Following in the footsteps of the major hotel chains, many U.S. airlines are offering low-price guarantees (LPGs), assuring travel consumers that the fares quoted on the airlines’ own websites are the cheapest available. Or at least among the cheapest.
American, Northwest, and United promise to pay consumers the price difference plus a $50 travel voucher if they find a comparable ticket for at least $5 cheaper.
Continental’s LPG challenges shoppers to find a ticket for $10 less, offering a $100 voucher in addition to the price difference.
Do LPGs insure you’ll get the lowest price by buying on the airlines’ websites?
Low-price guarantees are contingent promises at best: If you, busy consumer, are willing to spend the time to price-shop and, further, if you do find a lower price for the same product and, further, if you follow the prescribed steps to advise us of that lower price, then, and only then, we will match said lower price.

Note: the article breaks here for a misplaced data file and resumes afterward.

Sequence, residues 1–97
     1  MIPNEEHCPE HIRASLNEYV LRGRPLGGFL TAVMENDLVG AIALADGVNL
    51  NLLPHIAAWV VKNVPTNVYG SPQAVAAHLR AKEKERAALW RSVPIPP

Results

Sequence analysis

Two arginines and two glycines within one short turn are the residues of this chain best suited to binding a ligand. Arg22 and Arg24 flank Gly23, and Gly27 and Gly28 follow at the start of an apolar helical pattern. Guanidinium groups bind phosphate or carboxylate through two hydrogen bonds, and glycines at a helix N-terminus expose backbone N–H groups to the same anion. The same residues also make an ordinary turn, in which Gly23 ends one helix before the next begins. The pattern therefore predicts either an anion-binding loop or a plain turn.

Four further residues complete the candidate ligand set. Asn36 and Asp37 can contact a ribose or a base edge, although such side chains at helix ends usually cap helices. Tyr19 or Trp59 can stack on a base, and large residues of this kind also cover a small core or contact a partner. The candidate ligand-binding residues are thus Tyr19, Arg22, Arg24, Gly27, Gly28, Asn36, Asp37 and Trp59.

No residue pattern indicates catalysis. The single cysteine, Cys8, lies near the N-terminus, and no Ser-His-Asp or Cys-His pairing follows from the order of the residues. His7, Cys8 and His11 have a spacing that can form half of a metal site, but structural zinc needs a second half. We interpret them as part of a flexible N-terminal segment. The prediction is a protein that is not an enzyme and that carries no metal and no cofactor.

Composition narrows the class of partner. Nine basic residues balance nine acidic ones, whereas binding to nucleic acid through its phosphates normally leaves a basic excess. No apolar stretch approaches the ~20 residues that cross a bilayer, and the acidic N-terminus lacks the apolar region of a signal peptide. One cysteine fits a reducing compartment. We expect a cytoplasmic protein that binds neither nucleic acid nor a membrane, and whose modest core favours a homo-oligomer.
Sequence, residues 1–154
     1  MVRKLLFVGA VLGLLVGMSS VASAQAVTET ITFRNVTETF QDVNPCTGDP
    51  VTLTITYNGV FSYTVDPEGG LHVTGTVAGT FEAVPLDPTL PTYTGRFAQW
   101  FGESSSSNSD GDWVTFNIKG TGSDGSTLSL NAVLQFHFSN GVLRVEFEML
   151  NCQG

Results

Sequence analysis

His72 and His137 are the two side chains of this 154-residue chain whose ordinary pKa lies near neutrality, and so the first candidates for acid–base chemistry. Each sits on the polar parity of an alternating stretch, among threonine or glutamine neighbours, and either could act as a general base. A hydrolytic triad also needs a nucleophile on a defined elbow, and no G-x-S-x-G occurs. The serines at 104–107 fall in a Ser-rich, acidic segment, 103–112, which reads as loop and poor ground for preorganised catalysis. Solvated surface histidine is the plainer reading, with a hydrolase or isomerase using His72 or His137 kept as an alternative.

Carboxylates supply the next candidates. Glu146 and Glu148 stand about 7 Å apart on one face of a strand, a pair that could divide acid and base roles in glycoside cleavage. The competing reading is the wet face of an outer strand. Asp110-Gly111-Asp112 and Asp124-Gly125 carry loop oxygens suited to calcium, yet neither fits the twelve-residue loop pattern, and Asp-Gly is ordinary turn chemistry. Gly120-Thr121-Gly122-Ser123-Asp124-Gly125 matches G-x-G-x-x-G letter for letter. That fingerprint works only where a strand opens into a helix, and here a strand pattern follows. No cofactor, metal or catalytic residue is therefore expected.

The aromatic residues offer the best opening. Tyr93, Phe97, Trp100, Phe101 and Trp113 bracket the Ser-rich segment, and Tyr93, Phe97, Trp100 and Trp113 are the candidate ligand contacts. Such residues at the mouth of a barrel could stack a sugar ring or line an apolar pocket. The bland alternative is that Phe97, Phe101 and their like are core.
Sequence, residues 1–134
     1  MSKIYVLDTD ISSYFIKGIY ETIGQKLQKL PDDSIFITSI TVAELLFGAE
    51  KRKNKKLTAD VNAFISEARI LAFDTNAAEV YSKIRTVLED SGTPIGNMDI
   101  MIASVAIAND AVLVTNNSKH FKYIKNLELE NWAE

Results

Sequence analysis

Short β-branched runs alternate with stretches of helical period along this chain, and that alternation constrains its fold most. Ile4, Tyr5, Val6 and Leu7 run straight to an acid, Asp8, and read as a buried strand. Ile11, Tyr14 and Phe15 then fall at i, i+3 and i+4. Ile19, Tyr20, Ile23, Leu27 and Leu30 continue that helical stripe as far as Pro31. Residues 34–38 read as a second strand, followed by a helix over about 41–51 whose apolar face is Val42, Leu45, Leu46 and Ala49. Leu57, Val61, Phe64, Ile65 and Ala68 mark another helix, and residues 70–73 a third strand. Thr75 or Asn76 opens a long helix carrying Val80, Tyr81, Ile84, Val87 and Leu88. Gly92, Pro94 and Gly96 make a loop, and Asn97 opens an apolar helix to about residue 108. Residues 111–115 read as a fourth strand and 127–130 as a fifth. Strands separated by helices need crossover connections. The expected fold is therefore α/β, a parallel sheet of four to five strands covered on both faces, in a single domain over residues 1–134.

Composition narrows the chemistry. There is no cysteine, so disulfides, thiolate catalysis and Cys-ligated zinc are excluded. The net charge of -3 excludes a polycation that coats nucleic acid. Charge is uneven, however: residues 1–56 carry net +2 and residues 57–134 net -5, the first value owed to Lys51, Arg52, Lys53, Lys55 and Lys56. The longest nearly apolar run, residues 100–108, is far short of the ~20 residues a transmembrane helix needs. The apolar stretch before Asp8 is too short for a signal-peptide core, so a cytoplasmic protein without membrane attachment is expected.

In fact, LPGs are the corporate world’s way of steering consumers away from comparison shopping, by seeming to assure them that no such comparisons are necessary.
Travel buyers should not be lulled into complacently accepting the claim of pricing superiority implicit in LPGs. Comparison shopping is as necessary as ever.
As Ronald Reagan cautioned: trust, but verify… with the emphasis on verification.
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